Having Two Times the Fun Outside This Year
Deanna Macioce, MS, OTR/L
As the weather begins to warm, many of us are eagerly awaiting the coming of spring. It has been a winter where many places felt record low temperatures and weather conditions out of the ordinary. Winter has been too long and we are all feeling a bit of "cabin fever". Our children have been stuck indoors, and many even have experienced additional days off of school. With that said, on the first nice day we all tend to flock outside, trying to find anything to do that does not require us to be in doors. One common place to head to is the local playground. With all the fun equipment, children are able to release months of stored up energy. A well-equipped playground offers so much for children who need movement, core strengthening and proprioceptive input. From sliding, swinging, and climbing, children are entertained for hours, while parents are given a chance to enjoy the outdoors. This month, we are going to focus on bilateral coordination skills and how they can be addressed with playground equipment, as well as other common activities for outside play.
Bilateral coordination includes activities that encourage the use of both sides of the body at the same time. Children who have strong bilateral coordination skills will demonstrate hand dominance, tend to complete many fine motor skills easier, such as writing and cutting, and are able to perform higher level gross motor skills such as skipping and jumping jacks.
A slide provides coordination strengthening through the climbing of steps. After a fun ride down, allow children to climb back up the slide itself by holding on to both sides. In addition, this helps with overall core strengthening and stability of the trunk.
Swinging, known commonly as a great vestibular activity, also helps promote bilateral coordination in two ways. First, using both hands on the ropes helps to encourage the bilateral shoulder stability and strength. It is important to encourage children to hold onto the ropes with their hands and ensure that they are not using their elbows. Secondly, by using both legs together to pump the swing for momentum, overall motor planning and leg coordination are addressed.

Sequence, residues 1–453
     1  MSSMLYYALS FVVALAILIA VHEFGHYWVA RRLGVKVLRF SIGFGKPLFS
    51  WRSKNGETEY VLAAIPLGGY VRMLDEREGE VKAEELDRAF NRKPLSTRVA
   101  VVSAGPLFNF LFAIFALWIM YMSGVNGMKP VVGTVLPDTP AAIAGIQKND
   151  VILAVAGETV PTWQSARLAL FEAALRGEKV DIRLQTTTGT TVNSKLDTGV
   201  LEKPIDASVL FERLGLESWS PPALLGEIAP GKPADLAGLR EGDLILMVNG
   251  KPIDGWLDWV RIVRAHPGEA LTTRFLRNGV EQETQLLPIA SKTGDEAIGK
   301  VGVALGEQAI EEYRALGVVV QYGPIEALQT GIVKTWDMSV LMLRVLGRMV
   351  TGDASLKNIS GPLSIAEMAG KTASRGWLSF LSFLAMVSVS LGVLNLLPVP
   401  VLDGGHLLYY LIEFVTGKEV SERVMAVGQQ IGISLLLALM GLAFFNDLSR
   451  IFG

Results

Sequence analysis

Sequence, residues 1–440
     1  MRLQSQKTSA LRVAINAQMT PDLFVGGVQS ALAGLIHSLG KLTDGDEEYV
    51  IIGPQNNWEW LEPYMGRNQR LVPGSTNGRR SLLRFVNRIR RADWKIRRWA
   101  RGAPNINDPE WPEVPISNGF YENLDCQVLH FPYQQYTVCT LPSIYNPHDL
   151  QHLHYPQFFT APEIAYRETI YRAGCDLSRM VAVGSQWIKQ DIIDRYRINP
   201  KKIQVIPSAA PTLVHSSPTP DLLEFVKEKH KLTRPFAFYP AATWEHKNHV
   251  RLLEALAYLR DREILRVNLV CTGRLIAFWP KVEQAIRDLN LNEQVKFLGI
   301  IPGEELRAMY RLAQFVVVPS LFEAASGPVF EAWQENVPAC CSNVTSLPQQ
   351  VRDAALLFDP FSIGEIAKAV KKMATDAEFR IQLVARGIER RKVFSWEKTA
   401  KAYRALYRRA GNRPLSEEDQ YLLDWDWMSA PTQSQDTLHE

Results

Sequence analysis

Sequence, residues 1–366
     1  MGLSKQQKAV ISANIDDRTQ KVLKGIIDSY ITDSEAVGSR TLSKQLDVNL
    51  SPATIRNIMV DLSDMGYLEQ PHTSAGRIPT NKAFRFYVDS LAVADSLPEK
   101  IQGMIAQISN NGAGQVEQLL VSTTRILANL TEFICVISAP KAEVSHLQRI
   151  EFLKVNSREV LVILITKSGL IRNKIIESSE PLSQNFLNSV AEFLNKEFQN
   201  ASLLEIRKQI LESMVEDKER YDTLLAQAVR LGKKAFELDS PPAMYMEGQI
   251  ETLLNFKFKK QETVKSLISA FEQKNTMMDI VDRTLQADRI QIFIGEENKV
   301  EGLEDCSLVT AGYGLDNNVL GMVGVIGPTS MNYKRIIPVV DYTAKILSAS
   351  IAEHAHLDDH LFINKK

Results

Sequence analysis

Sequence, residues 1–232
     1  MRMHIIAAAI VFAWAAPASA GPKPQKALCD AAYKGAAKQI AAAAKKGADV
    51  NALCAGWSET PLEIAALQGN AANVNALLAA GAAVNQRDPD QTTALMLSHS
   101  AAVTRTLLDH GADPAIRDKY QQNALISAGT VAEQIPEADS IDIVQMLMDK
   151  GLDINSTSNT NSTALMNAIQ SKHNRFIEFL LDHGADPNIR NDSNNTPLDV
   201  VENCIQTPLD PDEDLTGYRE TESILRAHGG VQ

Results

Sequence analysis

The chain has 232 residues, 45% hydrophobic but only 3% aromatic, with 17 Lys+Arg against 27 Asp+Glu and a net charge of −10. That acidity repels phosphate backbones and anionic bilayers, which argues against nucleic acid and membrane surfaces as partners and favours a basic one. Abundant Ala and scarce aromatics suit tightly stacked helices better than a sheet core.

Many playgrounds now have ladders or a modified wall to climb. These are great because they offer children the ability to use arms and legs simultaneously to hold and climb at the same time. Similar to the movement pattern children used while crawling. Children who did not crawl, skipping straight to walking, may demonstrate difficulty with these activities.
Other outdoor activities that help promote bilateral coordination skills that can be performed in your own yard include Zoomball, hopscotch, parachute play, bike riding and various sports. Zoomball allows children to use bilateral arms to move a plastic buoy back and forth along a rope by opening and closing hands simultaneously. Using some sidewalk chalk, design a hopscotch board in the driveway to allow children the ability to not only work on coordination of bilateral legs, but also core stability and balance. Getting a group of neighborhood children together for some parachute play is a great way to encourage bilateral upper extremity play. Bike riding, allows the simultaneous use of both legs to pedal and the use of both hands to hold on and steer. Bike riding is a difficult task for many children to master, so assessing the child's skills and choosing an appropriate ride on toy would be most beneficial.
So, if you have a child or are working with children who struggle with bilateral coordination skills, try to encourage the appropriate activities while enjoying the nice weather. Not only will it help to release some stored up winter energy, it will also assist with the child's overall daily completion of tasks at both home and school. It is time to venture outside and have double the fun!